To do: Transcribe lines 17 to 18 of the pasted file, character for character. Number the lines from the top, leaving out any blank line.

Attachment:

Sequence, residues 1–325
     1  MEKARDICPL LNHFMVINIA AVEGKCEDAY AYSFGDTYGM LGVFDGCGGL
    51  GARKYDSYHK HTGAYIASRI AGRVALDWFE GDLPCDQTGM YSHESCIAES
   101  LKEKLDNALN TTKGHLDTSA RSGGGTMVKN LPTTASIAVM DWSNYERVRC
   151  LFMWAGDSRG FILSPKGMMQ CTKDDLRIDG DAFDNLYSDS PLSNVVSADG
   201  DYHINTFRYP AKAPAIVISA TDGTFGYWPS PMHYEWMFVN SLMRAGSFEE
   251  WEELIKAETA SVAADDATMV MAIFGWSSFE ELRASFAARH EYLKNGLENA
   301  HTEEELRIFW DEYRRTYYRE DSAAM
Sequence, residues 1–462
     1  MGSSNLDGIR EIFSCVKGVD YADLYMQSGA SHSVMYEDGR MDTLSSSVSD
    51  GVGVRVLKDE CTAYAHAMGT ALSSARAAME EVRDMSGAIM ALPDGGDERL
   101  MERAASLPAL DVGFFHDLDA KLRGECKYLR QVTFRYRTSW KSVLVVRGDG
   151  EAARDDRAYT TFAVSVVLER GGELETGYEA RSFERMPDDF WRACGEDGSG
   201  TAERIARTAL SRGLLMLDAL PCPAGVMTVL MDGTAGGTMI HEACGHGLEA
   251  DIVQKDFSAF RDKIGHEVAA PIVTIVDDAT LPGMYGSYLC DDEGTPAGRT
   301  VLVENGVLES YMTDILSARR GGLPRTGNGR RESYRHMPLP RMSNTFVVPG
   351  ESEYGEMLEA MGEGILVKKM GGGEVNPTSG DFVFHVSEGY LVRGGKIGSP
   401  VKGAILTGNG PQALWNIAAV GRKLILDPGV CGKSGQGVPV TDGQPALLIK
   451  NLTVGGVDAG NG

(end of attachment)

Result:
   351  ESEYGEMLEA MGEGILVKKM GGGEVNPTSG DFVFHVSEGY LVRGGKIGSP
   401  VKGAILTGNG PQALWNIAAV GRKLILDPGV CGKSGQGVPV TDGQPALLIK